Imagine a Buzzfeed article: ‘The Easiest Introvert/Extrovert Quiz You Will Ever Take’. The quiz will have just one question: “You’re in a room with 5,000 people, what face are you making?” And the options will just be emoji’s.

You can probably already guess which one I am; it’s the outwardly smiling, inwardly bawling face that so accurately captures the human experience it has officially become the word of 2015.

I just got back from a 2-week conference in Florida, which, coming from Upstate New York, is a dream come true for anyone who dies a thousand deaths every winter (read: me). All in all, the conference was amazing. We were celebrating the 75th birthday of Young Life, an organization I have been involved with for a number of years, and whose mission I believe in wholeheartedly. In honor of the 75th birthday, they pulled out all of the stops. Imagine 5,000 professional adults jumping out of their chairs screaming because Mickey showed up and announced that they rented out Hollywood Studios just for us. Imagine pure joy.

But  I was the laugh-cry emoji. When we are stressed, overwhelmed, and almost at our breaking point, we often experience the temptation to enter what I like to call “Spiral of Death Mode.” My Spiral-of-Death-Mode is almost always body shame.

There is something so blatantly irrational about body-shame that I somehow continue to overlook again and again and again. It’s not even a good liar, so why am I so quick to believe it? I say this because I was sitting in Florida with 5,000 of my friends, with 5,000 of the kindest, most generous, fun-loving, accepting, joyful people on the planet and the thoughts running through my head went something like this: “Oh no here I am with the 4,999 most talented, funniest, most beautiful, attractive, coolest, most accomplished, better-than-me, etc. people on earth, and then there is me, the worst.”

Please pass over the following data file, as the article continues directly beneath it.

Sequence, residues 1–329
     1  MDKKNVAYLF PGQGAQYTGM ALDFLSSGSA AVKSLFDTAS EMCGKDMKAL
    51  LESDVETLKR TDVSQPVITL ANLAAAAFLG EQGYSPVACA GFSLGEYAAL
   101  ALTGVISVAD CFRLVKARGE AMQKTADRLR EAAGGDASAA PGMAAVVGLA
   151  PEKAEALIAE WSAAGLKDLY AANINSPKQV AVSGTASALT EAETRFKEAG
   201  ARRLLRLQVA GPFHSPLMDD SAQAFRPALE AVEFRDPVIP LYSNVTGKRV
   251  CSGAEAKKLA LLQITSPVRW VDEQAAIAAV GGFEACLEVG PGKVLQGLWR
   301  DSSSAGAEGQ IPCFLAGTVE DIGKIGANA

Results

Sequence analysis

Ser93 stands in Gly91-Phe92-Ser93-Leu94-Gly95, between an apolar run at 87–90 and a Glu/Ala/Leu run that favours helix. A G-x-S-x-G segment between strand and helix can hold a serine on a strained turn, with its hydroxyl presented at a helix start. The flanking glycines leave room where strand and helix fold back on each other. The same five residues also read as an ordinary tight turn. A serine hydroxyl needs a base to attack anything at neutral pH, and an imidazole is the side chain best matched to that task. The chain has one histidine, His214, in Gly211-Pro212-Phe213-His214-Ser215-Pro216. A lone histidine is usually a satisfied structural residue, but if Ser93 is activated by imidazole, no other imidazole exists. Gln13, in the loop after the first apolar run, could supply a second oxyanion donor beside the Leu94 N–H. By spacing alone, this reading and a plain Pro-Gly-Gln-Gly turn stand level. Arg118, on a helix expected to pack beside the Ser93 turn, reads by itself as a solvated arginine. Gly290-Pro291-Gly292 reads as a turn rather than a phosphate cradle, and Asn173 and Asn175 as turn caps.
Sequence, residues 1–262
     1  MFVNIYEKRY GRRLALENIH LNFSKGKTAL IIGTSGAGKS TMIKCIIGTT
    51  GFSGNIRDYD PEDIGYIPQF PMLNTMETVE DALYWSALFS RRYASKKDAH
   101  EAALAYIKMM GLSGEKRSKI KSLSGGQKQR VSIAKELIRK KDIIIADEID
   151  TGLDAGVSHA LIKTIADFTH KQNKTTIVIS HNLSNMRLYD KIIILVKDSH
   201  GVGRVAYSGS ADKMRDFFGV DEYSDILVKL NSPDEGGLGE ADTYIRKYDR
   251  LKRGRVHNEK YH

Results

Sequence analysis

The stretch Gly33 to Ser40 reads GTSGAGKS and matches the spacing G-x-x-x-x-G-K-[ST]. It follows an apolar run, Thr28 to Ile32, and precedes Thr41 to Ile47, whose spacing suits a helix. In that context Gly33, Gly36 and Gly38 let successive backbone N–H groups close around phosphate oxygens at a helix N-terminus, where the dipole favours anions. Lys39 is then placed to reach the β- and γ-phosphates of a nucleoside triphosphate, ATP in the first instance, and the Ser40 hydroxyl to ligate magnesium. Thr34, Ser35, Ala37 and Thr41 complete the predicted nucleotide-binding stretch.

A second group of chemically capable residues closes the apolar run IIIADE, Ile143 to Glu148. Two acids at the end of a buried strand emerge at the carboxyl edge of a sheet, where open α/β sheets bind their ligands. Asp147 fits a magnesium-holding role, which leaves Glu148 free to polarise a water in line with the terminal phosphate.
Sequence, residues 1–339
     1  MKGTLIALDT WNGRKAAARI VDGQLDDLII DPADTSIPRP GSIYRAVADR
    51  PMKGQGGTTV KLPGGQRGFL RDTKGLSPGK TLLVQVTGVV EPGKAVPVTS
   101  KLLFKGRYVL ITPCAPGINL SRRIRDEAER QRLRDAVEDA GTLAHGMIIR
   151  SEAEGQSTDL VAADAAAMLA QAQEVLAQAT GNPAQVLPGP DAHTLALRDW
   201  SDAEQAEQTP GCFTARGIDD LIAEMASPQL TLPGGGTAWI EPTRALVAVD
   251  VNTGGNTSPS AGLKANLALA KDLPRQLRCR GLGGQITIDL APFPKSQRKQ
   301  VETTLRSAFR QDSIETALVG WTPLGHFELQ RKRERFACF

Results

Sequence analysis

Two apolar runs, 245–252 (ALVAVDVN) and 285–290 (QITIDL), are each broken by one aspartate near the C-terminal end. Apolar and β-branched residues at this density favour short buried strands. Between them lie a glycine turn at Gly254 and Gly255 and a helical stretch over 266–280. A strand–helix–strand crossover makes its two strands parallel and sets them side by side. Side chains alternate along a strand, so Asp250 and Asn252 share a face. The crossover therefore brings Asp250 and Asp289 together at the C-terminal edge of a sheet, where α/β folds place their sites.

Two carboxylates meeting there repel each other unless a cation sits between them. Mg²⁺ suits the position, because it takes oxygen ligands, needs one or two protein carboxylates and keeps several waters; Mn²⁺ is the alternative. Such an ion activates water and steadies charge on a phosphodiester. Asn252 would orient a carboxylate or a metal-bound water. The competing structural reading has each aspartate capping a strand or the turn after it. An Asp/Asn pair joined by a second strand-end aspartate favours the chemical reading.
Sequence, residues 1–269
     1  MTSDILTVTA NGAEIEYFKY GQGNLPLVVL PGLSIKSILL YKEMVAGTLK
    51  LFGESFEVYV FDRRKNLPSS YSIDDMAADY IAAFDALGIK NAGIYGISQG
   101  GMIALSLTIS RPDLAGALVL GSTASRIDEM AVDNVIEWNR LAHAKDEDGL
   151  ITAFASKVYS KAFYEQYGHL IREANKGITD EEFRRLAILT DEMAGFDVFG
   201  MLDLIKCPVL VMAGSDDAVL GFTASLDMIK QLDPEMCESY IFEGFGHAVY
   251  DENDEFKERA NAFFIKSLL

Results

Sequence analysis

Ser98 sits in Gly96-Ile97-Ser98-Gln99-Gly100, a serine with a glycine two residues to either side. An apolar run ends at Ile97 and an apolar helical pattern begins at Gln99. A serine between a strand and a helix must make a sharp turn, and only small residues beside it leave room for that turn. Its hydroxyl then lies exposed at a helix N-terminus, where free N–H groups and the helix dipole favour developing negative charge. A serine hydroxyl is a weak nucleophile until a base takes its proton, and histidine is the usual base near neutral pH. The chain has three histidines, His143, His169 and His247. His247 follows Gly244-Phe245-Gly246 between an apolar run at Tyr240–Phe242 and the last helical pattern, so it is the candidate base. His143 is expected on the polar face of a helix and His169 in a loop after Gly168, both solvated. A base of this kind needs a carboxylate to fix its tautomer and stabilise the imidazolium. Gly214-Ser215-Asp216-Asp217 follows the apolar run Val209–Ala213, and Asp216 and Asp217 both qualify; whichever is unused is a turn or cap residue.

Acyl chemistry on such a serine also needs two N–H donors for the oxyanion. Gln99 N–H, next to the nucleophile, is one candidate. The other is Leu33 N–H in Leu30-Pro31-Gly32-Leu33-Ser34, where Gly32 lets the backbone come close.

I can really be so self-absorbed.

My experience was real, I have spent too much on therapy and treatment to refute that point, but the words, the thoughts, those were nothing but lies. As I learned from one of my favorite authors, Brene Brown, shame is never productive. Not only does it steal and destroy my joy, but it weasels itself, like an under-the-fingernail-splinter, into my relationships and slowly tears them apart.

There I was, Mickey was dancing, confetti was falling, people were leaping for joy, and I was laugh-crying. I realized, in that moment, if I was going to survive, if I was going to actually get any work done, or talk to another human being, or even keep my original plane ticket and not make a run for the airport, the only option was compassion.

Striving, criticizing, and comparing would only result in more shame, deeper sorrow, and a whole heck of a lot of isolation. My only option, for emotional, social, and spiritual survival, was to have compassion.

I’ll leave you with this quote by the ever-truthful Anne Lamott, which became my personal mantra for the rest of my time in Florida:

…make sure to wear pants that do not hurt our thighs or our feelings. Drinking more water is the solution to all problems. Doing a three minute meditation every day will change your life. And naps are nice.”

Happy Wednesday! Have compassion for yourself today! It’s really the most productive thing you can do.

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